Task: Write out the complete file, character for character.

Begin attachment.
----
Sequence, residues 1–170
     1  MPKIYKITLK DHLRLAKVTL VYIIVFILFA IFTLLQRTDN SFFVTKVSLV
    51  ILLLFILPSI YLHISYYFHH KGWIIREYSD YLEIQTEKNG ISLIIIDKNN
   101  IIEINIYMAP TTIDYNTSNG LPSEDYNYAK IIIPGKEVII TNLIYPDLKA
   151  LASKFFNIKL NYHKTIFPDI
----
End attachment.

Sequence, residues 1–170
     1  MPKIYKITLK DHLRLAKVTL VYIIVFILFA IFTLLQRTDN SFFVTKVSLV
    51  ILLLFILPSI YLHISYYFHH KGWIIREYSD YLEIQTEKNG ISLIIIDKNN
   101  IIEINIYMAP TTIDYNTSNG LPSEDYNYAK IIIPGKEVII TNLIYPDLKA
   151  LASKFFNIKL NYHKTIFPDI